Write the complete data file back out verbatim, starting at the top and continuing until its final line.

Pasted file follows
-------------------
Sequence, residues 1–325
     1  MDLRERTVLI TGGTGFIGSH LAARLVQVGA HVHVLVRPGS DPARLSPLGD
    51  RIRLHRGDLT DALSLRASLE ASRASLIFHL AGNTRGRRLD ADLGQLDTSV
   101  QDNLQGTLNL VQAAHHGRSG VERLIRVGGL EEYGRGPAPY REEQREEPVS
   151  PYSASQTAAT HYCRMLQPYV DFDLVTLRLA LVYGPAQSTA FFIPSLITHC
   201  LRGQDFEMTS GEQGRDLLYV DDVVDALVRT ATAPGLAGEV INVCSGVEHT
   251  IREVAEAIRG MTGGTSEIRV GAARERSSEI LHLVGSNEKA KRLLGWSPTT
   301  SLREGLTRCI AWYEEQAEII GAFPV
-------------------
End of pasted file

Sequence, residues 1–325
     1  MDLRERTVLI TGGTGFIGSH LAARLVQVGA HVHVLVRPGS DPARLSPLGD
    51  RIRLHRGDLT DALSLRASLE ASRASLIFHL AGNTRGRRLD ADLGQLDTSV
   101  QDNLQGTLNL VQAAHHGRSG VERLIRVGGL EEYGRGPAPY REEQREEPVS
   151  PYSASQTAAT HYCRMLQPYV DFDLVTLRLA LVYGPAQSTA FFIPSLITHC
   201  LRGQDFEMTS GEQGRDLLYV DDVVDALVRT ATAPGLAGEV INVCSGVEHT
   251  IREVAEAIRG MTGGTSEIRV GAARERSSEI LHLVGSNEKA KRLLGWSPTT
   301  SLREGLTRCI AWYEEQAEII GAFPV